Advice To Changemakers: Lessons From The 2013 Ashoka-American Express Emerging Innovators Toronto Boot Camp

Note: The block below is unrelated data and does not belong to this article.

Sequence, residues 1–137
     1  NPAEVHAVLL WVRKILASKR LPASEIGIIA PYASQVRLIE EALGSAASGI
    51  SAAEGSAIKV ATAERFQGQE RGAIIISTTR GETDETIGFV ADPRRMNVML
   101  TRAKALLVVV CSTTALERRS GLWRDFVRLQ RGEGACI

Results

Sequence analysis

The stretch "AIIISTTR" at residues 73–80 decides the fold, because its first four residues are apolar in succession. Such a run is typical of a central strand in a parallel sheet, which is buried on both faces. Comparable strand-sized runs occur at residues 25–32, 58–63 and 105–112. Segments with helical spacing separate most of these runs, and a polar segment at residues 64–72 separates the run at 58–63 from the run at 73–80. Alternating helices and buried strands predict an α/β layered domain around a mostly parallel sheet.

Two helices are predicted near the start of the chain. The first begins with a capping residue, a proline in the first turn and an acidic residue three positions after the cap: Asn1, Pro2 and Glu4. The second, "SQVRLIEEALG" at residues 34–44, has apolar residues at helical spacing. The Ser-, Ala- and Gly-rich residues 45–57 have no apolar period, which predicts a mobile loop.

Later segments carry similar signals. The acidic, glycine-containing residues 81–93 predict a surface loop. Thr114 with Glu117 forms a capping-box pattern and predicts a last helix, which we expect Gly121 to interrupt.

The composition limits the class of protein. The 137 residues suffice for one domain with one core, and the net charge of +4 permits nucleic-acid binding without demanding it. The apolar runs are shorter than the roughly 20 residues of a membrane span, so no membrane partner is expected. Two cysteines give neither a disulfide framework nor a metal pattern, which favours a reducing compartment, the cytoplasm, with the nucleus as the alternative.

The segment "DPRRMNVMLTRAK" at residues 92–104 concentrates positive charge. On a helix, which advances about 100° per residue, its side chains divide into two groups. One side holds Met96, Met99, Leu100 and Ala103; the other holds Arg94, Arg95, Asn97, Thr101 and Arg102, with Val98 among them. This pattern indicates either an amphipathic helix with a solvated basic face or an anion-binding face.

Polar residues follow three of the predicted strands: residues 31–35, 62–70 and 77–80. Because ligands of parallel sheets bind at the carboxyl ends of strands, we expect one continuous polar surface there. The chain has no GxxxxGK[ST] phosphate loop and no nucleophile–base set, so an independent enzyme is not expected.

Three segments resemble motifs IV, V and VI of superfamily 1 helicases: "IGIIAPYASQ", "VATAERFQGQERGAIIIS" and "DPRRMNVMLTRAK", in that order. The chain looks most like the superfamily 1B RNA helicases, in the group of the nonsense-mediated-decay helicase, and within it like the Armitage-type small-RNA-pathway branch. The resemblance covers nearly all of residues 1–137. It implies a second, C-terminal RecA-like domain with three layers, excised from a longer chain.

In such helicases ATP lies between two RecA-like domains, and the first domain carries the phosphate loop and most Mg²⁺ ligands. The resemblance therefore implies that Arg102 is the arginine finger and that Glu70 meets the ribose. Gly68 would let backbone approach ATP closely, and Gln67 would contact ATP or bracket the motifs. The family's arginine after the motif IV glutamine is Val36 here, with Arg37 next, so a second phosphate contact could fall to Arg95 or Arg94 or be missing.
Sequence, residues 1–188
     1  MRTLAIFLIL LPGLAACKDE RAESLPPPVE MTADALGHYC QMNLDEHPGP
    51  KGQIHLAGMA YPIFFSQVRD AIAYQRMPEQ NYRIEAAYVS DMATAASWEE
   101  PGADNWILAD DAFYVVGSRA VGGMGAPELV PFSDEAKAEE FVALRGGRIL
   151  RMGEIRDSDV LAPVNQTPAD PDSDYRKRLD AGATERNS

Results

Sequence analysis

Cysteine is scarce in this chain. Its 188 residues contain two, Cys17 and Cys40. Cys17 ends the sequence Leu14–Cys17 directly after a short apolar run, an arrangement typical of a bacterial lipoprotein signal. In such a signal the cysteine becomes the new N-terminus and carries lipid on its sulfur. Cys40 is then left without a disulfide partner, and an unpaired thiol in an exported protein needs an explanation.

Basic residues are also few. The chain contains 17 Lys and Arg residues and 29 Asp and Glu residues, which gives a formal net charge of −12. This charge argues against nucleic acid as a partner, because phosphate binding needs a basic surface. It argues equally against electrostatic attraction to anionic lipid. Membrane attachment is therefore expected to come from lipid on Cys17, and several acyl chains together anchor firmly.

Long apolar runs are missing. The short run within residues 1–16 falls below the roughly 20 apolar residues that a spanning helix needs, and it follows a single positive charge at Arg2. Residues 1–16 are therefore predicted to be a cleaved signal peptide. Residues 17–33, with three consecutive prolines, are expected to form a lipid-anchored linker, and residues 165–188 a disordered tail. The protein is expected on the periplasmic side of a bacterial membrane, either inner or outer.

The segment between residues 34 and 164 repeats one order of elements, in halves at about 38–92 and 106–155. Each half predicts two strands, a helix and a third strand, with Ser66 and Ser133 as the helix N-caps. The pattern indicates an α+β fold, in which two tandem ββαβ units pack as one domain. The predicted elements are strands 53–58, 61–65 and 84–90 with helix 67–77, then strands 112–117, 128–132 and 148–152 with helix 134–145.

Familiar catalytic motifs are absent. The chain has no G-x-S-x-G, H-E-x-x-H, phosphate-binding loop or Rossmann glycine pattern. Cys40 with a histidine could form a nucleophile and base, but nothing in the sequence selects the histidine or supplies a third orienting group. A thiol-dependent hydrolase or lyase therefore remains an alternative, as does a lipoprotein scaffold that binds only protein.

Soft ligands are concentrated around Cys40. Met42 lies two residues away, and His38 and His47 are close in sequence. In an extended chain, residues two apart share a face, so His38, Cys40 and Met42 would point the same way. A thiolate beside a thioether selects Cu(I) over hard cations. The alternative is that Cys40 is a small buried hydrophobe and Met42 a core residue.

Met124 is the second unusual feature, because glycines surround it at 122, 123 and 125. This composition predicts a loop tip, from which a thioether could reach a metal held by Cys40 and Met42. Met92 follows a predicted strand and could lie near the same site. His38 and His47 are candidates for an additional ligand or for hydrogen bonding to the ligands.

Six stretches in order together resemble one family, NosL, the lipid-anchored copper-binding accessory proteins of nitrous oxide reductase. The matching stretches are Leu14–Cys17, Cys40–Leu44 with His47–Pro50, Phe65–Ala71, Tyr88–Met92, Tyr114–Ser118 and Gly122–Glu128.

“If you have a preconceived notion of good, you cannot be creative,” said Zahra Ebrahim, founder of archiTEXT. “Let go of everything that already is, and design something that truly does not exist.”Armed with this advice, 15 social innovators in a design-thinking workshop led by Ebrahim went to work twisting pipe cleaners and arranging popsicle sticks to prototype new toothbrush designs.Ebrahim compared design thinking to the mindset required for social innovators during her workshop. “Like designers, innovators know the facts, but don’t rely on them to develop their innovation,” she said. “They put them aside to think radically. Social innovators have a level of comfort with ambiguity that distinguishes them from most people.”The 15 innovators were participating in the two-day American Express Emerging Innovators Boot Camp at the Centre for Social Innovation in Toronto, Canada. (Two similar boot camps were held in New York City and, this week, in Mexico City.)The purpose of these boot camps is to support a new breed of leaders: young visionaries that have a disregard for sector boundaries, are impatient for change, and are marrying impact with financial sustainability to tackle challenges at local and global levels. The boot camps offer participants crash courses in storytelling, investor relations, developing organizational culture, crowdfunding, and relationship advice (that can be relevant to co-founders as well as life partners).Now in its second year, the Emerging Leaders program is hosted by American Express a long-time supporter of leadership development in the traditional nonprofit sector, in partnership with Ashoka, a pioneer in social entrepreneurship.“This was a fantastic opportunity for Ashoka Canada to directly support early stage social entrepreneurs,” said Elisha Muskat, executive director of Ashoka Canada. “In particular, we were able to draw on Ashoka Fellows and other advanced social entrepreneurs whose personal experience—taking bold new ideas to fruition and changing our social systems—is invaluable to those in their first few years of their ventures.”With her bare feet dangling from a table, Tonya Surman, an Ashoka Fellow and co-founder of the Centre for Social Innovation, opened her session with an invitation to ask her anything. Now on her seventeenth social startup, Surman spoke about recognizing and then balancing out our tendencies.“The spirit of a social entrepreneur is to dominate the space,” she said. “We have these incredible visions, and we want to own it all. I recognize I was sometimes too territorial—my instinct was to control all of these pieces because I hadn’t built up my confidence about what we were doing.”Surman eventually realized that she couldn’t scale-up her organizations if it required her to be fully immersed, so, like Ebrahim, she began to think about scaling up as a question of design. “If your projects starts to crumble when you’re away—there’s a design challenge,” Surman said. “What can be deferred or consolidated rather than expanded?”Surman now follows a pattern of one year of intense growth followed by a year of consolidation: “I’m intentional about taking more time and nurturing the work rather than scaling it, and I own this.”’George Roter, an Ashoka Fellow and co-founder of Engineers Without Borders (EWB) – Canada, described how to create a strong organizational culture. “The culture you foster at the very beginning—during your organization’s first three years—will sustain,” he said. “It’s very difficult to amend it later on.”Roter committed 30 percent of his time to strengthening EWB’s culture, which was grounded in open-source principles. “We decided early on that we wanted to be a rule- and policy-free organization,” he said.“Up until two years ago, the only rule we had was that you must wear a helmet when riding your motorcycle in sub-Saharan Africa.” Notably, Roter created culture not by saying “no,” or reigning people in, but by giving a flame to those whose work he valued.Roter’s commitment to culture is not superficial, as evidenced by EWB’s newly adopted meeting format. The first 50 minutes are spent sharing on a personal and emotional level, and it just the last 10 minutes that are dedicated to resolving pre-selected agenda items.“This format has revolutionized the way the group operates— we’re now more effective and aligned in making decisions,” Roter said.Boot camp participants also had the opportunity to talk openly about their exhilarating experiences as emerging social entrepreneurs, interspersed between skills training for fund raising, engaging volunteers, and managing staff.“The boot camp equipped us with philosophical, financial, storytelling, and design skills,” said Athena Theny, who works with First Nations people to source, tan, and smoke rawhide, from which she hand-makes purses and jewelry for ATHENA Atelier. “But perhaps the most energizing aspect of it for me was how it reinforced my conviction in pursuing the road less traveled, and summoning the strength to bring my vision into reality despite the inevitable challenges I will encounter.”The boot camp, and the chance to step away from daily operations, was a kind of therapy for Scott Oldford, an entrepreneur since the age of 7, and founder of FundUni. “The most striking thing for me is that others want to help you succeed as much as you want to help others succeed,” he noted. “We’re all in this together.”Are you interested to learn what advice Seth Godin and DonorsChoose founder Charles Best offered social entrepreneurs at the boot camp? Check out highlights from last month’s New York City boot camp.–This article originally appeared in Forbes.com’s Change in the Making section. Click here to read the original post.